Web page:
The middle-market deals — between $250 million and $1.5 billion — will slow down, but not as severely, he said.

It will probably be the first quarter of 2008 that the market settles down one way or another, O’Donnell said.

To the extent that the market is seeing multibillion-dollar deals close, those are deals that were initiated before the credit crunch hit, he said.

“The deals we’re closing are large deals that were in the pipeline before August and a fair number of reasonable, upper-middle market [deals],” O’Donnell said. “The very biggest deals are shut down.”

O’Donnell isn’t so sure the strategic buyers are going to come in and keep the market moving. He said those buyers are smart enough from a strategic standpoint to learn from the sufferings of the private equity firms in this market-lull. He said he thinks they will sit on the sidelines and see how the market plays out.

Until the market settles down, O’Donnell said two things are going to happen. Private equity funds will start to expect less on their returns. Funds that usually target a 20 percent to 35 percent return will now have to hope for a 15 percent to 25 percent return, he said.

In prior slow-downs, O’Donnell said, sellers were often much slower to adjust than the rest of the market. He said sellers would have to lower their expectations for the value of the businesses they are selling.

Barbara J. Shander, a partner in Morgan Lewis & Bockius’ business and finance department, recently helped reach an agreement for its private equity fund client, Sun Capital partners, to recapitalize and acquire a majority equity interest in First NLC Financial Services.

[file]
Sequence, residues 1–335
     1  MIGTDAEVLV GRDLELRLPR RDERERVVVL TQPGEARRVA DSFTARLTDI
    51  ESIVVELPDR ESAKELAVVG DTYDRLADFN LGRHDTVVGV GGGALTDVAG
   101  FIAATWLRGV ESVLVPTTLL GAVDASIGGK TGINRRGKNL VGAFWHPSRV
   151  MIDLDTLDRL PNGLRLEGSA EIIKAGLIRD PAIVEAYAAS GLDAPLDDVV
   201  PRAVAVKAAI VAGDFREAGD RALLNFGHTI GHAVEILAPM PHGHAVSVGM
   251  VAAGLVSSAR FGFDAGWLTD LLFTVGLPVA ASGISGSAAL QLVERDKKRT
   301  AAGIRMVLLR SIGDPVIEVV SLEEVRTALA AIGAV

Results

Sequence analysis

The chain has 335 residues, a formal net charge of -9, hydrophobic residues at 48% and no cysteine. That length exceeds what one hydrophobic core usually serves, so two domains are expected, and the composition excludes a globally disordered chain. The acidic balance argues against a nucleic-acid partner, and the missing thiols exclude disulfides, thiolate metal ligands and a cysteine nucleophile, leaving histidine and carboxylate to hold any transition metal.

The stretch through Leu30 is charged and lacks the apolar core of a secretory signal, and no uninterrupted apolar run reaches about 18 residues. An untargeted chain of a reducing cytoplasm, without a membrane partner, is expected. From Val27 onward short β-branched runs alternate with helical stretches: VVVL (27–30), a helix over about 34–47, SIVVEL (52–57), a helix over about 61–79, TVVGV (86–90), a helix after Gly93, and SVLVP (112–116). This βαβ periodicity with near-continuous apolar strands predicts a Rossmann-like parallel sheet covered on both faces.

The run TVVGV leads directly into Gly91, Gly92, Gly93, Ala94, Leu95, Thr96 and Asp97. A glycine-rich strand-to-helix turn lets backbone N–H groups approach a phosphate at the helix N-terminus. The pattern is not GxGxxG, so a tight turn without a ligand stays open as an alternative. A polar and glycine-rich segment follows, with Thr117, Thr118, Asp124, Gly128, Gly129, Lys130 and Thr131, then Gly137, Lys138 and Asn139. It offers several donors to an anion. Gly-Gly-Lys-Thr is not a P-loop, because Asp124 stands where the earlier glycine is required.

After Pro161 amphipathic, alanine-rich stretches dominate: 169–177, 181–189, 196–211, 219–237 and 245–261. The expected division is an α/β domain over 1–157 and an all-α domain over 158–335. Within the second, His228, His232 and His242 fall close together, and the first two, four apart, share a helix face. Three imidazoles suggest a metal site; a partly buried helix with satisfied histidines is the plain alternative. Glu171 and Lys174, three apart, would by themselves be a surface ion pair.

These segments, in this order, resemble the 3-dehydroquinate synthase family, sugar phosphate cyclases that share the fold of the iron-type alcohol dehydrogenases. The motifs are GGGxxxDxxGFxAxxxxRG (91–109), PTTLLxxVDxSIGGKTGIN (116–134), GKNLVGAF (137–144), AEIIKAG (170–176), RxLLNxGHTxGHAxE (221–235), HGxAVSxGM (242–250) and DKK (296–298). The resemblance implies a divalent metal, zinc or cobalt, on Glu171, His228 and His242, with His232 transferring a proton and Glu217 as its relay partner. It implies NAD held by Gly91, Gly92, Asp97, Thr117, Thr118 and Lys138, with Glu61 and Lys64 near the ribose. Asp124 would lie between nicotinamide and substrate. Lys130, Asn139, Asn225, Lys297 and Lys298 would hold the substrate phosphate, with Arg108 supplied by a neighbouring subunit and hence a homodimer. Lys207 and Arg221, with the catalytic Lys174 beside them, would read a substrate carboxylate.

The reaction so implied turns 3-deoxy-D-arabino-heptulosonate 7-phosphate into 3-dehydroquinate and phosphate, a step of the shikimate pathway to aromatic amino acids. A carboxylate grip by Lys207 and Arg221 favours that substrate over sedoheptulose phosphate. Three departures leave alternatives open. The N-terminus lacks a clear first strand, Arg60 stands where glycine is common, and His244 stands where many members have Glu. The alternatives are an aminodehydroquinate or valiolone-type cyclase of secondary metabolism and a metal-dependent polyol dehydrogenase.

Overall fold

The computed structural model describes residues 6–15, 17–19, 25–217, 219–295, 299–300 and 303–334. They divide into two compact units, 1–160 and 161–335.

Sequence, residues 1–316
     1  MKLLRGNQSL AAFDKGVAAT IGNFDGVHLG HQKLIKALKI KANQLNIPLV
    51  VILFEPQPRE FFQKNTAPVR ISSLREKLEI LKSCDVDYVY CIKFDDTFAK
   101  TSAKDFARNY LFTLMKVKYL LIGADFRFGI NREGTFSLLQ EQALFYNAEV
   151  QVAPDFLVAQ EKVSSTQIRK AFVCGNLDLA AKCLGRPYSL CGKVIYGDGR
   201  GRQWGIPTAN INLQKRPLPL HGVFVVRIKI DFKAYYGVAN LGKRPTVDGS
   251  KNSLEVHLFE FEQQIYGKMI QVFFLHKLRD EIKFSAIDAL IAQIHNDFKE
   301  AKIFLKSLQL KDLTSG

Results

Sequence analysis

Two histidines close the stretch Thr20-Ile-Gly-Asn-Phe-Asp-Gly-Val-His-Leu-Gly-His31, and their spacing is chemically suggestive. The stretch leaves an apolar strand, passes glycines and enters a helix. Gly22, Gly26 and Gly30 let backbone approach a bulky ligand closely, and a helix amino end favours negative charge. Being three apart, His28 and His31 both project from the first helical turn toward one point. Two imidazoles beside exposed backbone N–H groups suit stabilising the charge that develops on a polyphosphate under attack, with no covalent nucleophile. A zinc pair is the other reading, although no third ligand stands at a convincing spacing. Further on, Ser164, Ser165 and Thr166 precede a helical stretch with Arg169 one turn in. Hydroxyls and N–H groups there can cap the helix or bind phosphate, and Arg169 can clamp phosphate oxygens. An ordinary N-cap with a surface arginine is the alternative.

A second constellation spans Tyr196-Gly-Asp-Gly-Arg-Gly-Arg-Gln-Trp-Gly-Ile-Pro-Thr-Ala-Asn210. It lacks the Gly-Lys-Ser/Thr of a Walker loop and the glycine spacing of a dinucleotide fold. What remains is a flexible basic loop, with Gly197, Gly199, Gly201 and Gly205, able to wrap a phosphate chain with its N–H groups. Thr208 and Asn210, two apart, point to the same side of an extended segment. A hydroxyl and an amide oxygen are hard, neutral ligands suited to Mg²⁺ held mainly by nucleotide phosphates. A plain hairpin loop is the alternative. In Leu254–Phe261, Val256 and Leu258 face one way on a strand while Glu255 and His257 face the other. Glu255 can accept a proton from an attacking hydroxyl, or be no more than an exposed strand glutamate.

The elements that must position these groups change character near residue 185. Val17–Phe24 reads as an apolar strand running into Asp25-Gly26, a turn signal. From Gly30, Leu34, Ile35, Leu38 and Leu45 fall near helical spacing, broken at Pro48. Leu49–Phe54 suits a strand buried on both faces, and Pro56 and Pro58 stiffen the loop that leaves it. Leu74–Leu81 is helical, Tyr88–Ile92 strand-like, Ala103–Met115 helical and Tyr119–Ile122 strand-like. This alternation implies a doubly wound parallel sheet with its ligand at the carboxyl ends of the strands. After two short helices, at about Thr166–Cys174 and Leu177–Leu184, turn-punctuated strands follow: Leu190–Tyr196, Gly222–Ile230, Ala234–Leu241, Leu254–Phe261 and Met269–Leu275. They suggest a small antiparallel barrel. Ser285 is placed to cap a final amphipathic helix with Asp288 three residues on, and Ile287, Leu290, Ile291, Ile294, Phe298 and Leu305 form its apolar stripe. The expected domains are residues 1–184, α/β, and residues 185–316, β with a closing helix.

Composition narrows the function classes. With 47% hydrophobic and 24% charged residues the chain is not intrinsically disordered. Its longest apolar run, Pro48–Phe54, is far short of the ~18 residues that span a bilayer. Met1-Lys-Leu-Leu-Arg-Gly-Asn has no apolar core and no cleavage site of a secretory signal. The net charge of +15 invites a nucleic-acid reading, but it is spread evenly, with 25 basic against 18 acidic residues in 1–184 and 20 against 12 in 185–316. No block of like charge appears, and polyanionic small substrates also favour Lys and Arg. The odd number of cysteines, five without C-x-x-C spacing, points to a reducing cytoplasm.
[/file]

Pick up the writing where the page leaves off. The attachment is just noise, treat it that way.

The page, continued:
The terms of the deal were not released, but Sun Capital will have a majority equity interest in a company that originated $7.4 billion in mortgage instruments in 2006.

Sun Capital wasn’t just looking to increase what it already owned. Shander said her client had an interest in First NLC previously, sold it, and is now coming back to the company. The deal was struck in late July, amid the market downturn.

Shander said she doesn’t think the credit crunch will have much of an impact on the M&A market except for when it comes to the largest of deals. She said there is always a lag in what affect the economy will have on the M&A market.

Morgan Lewis attorneys were involved in several deals at the end of July. Client Deb Shops entered an agreement to sell to Lee Equity Partners for $395 million and client Buckeye Partners agreed to buy Lodi Gas Storage for $440 million.

A Little History

When problems began in the subprime market and spread to other financial sectors, $300 billion in acquisition financings was committed but not yet drawn,” O’Donnell said. That was about equal to the amount of financings done in all of 2006, he said.

The entities that traditionally buy debt were “crushed” in the subprime fallout, he said. That left 10 or 12 large institutional financers — who usually commit to a deal with the intention of immediately turning around and selling it to a buyer of debt — with nowhere to turn, O’Donnell said.

“The music stopped,” he said of the musical chairs of the leveraged-buyout market.

Some deals have since pulled through and others have been put on hold. O’Donnell said certain buyers have backed out, claiming performance issues on the part of the prospective seller.

While he said the market seems to be recovering quickly, O’Donnell said a full-on recession could change everything.